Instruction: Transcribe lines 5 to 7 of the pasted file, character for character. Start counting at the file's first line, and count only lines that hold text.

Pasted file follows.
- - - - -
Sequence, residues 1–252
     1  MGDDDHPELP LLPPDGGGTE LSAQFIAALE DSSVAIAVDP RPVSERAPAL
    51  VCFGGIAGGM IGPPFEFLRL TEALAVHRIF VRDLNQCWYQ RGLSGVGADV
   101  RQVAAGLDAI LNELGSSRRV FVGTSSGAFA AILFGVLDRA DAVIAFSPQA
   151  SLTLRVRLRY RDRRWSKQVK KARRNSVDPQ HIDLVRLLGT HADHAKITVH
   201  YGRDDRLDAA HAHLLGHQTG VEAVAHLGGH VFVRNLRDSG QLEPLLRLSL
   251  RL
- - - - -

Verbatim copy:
   151  SLTLRVRLRY RDRRWSKQVK KARRNSVDPQ HIDLVRLLGT HADHAKITVH
   201  YGRDDRLDAA HAHLLGHQTG VEAVAHLGGH VFVRNLRDSG QLEPLLRLSL
   251  RL